Traps & Pitfalls

Stamp Duty changes from 1st April 2016

New stamp duty rules come into force on 1st April 2016. 

If you are buying a property to let duty is payable on the whole of the purchase money in layered percentages.  For the first £125,000.00 you pay 3% duty on the whole of that amount.  If you are paying more than that sum you pay 5% duty on the amount between £125,000.00 and £250,000.00 with incremental increases up to £1,500,000.00.

If you are buying a new property and on completion you have two or more properties but are replacing your main residence which is being sold the transaction is not subject to the higher rates.

If on completion you own two or more properties but your previous main residence has not yet been sold the transaction is subject to the higher rates but a refund is available if the previous main residence is sold within eighteen months e.g. the duty on a purchase at £275,000.00 is presently £3,750.00 but the new duty from 1st April wil be £12,000.00.

If you are buying a new main residence and on completion you own two or more properties and no sale of an existing residence is involved you pay duty at the higher rates.

The new rules do not apply to purchases under £40,000.

When you discuss your purchase with us we will give you a more detailed outline of these rules.                  

Estate Agents referral fees

It has always been the case that Estate Agents recommend to buyers or sellers, a firm of Solicitors or Conveyancers.  That is fine, but the practice is now becoming widespread for Estate Agents to ask soliciitors and conveyancers for a 'referral fee' for the introduction..  The Agents are now commonly selling the introduction to law firms for a fee which can be as high as £350.00 per case.  These referral fees are generally added to the Solicitor or Conveyancer's legal fee:  the client can end up paying  for the introduction!

If you decide to accept an introduction by an  Estate Agent you should always ask the Agent if they will receive a referral fee for that introduction  The fee can increase your expenses, quite substantially, in some cases.

We do not pay referral fees.  If a professional advisor recommends us, it will not be in exchange for a payment.  We do not pay referral fees.  Remember, referral fees usually end up coming out of your pocket.

Auctions

The property market has been somewhat slow as a result of the recession and this has given rise to the popularity of auction sales.

The attraction of an auction for a seller is that a buyer can be found more quickly than through a traditional sale but this is offset by the seller often having to accept less for the property.   For a prospective buyer  there are many bargains to be had, and provided the finance is available, properties can be obtained at an attractive price.

The traditional method of selling is that an offer is accepted, and the buyer then asks his conveyancer to obtain a Contract, investigate the legal title, carry out the various searches and enquiries. The buyer  will arrange a survey and if necessary mortgage finance.  Only at that point will a buyer pay a deposit and sign a Contract to commit  to the purchase. The buyer knows what he is buying.

An auction sale works differently.  At a traditional auction the legal documents will be made available to prospective buyers beforehand, and at the fall of the hammer the winning bidder will be asked to sign a Contract and pay a non-returnable deposit to make a legal commitment to buy the property. The buyer knows what he is buying.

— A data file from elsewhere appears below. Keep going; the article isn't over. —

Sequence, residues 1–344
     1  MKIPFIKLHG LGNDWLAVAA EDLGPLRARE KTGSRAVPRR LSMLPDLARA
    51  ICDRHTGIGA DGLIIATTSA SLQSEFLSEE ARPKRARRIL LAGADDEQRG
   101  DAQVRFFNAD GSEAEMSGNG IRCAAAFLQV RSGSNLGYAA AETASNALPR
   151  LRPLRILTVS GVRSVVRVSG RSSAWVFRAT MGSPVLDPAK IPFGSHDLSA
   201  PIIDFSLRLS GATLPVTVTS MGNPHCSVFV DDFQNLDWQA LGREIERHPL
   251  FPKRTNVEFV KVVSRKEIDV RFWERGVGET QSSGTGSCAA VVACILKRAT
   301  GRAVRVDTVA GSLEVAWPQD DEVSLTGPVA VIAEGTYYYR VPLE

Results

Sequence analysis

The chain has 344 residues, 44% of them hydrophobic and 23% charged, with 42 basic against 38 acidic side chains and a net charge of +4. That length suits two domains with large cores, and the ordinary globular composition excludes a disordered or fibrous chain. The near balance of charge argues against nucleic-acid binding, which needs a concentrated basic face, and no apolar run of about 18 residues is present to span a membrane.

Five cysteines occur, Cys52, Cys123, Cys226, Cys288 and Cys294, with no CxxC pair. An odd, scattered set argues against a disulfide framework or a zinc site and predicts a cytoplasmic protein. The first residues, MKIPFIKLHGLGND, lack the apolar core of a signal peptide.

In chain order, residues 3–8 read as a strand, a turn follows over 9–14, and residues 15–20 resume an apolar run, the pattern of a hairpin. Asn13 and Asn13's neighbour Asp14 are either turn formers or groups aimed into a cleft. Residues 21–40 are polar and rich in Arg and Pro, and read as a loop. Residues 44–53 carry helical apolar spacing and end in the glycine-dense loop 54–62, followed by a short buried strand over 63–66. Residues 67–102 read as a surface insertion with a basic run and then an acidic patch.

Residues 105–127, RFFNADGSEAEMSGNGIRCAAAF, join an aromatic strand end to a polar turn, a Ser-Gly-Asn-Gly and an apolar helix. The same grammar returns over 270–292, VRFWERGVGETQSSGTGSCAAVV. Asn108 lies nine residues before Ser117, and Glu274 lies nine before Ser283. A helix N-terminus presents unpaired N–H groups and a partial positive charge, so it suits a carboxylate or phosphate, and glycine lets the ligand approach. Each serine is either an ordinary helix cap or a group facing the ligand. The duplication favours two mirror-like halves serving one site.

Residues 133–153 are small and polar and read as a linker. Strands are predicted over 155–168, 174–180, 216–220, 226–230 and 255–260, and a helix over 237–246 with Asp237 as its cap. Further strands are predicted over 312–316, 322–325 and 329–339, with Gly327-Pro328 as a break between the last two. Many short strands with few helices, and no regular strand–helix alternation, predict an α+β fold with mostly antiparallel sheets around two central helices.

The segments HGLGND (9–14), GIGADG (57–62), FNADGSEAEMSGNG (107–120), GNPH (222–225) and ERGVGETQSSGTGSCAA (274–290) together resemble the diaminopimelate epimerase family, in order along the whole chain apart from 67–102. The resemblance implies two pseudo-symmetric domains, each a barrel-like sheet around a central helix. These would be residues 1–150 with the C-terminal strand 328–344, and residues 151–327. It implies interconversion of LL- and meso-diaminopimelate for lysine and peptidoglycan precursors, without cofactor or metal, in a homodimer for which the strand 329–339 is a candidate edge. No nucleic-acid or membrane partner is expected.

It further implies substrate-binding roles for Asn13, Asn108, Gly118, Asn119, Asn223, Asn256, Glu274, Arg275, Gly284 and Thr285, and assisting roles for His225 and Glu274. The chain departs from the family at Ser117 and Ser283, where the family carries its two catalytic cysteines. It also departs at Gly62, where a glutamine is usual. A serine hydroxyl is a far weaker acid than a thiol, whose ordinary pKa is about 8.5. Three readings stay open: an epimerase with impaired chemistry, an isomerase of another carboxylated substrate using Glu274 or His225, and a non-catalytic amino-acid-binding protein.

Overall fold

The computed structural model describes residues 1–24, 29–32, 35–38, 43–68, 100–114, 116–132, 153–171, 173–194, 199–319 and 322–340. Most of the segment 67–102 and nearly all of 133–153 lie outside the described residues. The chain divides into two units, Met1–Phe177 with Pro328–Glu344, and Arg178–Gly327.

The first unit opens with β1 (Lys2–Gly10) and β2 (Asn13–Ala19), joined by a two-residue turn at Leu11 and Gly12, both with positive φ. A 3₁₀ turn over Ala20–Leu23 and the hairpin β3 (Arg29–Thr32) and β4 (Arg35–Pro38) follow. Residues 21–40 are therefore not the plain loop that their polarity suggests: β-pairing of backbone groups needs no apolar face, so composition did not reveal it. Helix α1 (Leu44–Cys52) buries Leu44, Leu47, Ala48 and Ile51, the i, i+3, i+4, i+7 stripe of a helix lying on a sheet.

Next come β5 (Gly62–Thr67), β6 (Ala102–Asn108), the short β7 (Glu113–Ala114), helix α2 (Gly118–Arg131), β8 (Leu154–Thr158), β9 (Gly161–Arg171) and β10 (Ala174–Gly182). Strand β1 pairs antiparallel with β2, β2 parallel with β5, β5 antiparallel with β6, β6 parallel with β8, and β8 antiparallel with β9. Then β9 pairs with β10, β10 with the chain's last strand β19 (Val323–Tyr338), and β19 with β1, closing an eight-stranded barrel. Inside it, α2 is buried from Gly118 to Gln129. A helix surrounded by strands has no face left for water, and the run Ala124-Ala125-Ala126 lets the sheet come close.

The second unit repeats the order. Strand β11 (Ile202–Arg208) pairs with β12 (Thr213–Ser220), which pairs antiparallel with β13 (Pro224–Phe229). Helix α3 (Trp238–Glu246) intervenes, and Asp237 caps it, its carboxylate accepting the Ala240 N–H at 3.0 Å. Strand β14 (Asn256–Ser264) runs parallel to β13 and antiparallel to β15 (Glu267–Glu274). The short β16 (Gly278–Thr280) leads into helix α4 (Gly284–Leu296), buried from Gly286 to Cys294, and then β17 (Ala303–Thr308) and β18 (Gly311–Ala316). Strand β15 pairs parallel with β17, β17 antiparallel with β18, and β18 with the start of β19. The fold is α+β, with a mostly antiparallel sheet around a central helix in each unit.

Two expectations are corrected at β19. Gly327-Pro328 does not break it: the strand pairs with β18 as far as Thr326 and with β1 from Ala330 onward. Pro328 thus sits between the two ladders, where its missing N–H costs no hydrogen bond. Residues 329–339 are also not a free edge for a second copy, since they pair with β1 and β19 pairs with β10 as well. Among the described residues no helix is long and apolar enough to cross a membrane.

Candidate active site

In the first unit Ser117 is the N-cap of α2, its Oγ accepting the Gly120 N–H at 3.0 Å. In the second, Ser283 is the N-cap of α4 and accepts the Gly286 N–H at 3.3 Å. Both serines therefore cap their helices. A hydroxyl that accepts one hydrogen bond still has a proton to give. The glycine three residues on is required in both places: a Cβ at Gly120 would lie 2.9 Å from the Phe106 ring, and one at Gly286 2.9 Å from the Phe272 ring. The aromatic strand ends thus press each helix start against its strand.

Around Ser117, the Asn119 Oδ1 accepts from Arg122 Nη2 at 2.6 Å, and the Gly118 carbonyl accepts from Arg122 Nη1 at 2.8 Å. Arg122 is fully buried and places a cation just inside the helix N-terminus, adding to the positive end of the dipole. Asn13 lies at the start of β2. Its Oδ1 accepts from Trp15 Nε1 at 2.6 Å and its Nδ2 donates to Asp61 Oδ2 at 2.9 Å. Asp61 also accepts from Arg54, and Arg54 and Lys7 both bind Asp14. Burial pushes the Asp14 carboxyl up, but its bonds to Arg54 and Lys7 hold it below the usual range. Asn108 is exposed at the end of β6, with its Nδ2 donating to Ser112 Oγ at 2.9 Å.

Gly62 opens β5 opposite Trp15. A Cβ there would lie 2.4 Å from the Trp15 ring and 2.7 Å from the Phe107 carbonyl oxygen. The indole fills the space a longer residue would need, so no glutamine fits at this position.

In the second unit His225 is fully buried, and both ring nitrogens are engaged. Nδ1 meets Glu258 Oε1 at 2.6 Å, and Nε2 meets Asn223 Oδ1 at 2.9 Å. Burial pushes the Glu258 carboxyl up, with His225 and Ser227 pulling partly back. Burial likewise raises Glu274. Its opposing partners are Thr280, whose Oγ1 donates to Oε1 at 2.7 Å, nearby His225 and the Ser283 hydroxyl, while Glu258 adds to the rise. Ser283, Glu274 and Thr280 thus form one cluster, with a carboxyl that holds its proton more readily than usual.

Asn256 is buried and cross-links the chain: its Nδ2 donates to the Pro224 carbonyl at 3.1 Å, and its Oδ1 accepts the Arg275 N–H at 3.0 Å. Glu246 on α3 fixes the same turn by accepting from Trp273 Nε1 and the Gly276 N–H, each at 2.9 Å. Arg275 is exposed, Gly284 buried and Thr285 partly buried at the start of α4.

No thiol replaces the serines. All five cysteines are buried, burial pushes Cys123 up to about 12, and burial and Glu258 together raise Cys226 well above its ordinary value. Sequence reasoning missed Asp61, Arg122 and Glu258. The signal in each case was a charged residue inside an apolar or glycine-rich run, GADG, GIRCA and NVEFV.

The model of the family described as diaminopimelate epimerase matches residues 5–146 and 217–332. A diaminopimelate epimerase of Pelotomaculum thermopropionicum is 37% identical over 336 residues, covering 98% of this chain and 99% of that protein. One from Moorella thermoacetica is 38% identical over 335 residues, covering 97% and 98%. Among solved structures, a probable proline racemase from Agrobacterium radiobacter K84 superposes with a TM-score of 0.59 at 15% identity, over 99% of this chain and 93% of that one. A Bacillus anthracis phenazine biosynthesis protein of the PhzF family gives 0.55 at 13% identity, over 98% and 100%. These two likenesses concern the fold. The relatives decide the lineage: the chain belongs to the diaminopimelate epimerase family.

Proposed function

Many properties though are now sold on "auction conditions" before they actually reach the auction, or at an auction on a  'conditional sale'  basis.  These types of auctions require a buyer to pay an immediate deposit (usually 10%) or a 'buyers premium',  neither of which are returnable.

The problem with a conditional auction is that the buyer makes the legal commitment, or parts with a substantial amount of money before he sees the legal title, or is able to carryout the usual searches and enquiries. The buyer does not know what he is buying!  This can give rise to problems which can catch out the unwary or inexperienced purchaser.

Examples of difficulties, we have seen, after buyers have made legal and/or financial commitments are:-

1.   An auction buyer purchased a property with adjacent land intending to convert the premises to offices with car park.  Subsequent investigation revealed that the seller did not own the adjacent land which would have to be purchased from a third party.  Moreover, the Highways Authority would not allow vehicluar access to or from the public highway, which meant that planning permission could not be obtained for the proposed use.       

2.   An auction buyer bought a leasehold flat.  Subsequent investigation revealed that there was only a short term left on the Lease, which would not be accepted by a mortgage lender and  therefore was unsaleable.  To make matters worse, the freeholder could not be traced, and it was  not possible to obtain a Lease extension, to create a good and marketable legal title.

These problems leave auction buyers in difficult situations.  With prior knowledge of the legal title before signing or paying a deposit, buyers can withdraw from the deal.  However auction buyers are faced with losing any deposit or payments made in advance, or accepting the property with the problems,  Doing so, can give rise to substantial additional expense in resolving the difficulties, thus removing any benefit of the good auction price.

Any buyer considering a conditional auction purchase invoving an advance payment, should be aware that  they  are making a blind commitment  and any money deposited in advance is at risk.

Such is our experience,  we would advise against this type of purchase unless you can afford to lose your deposit if faced with major problems.

 

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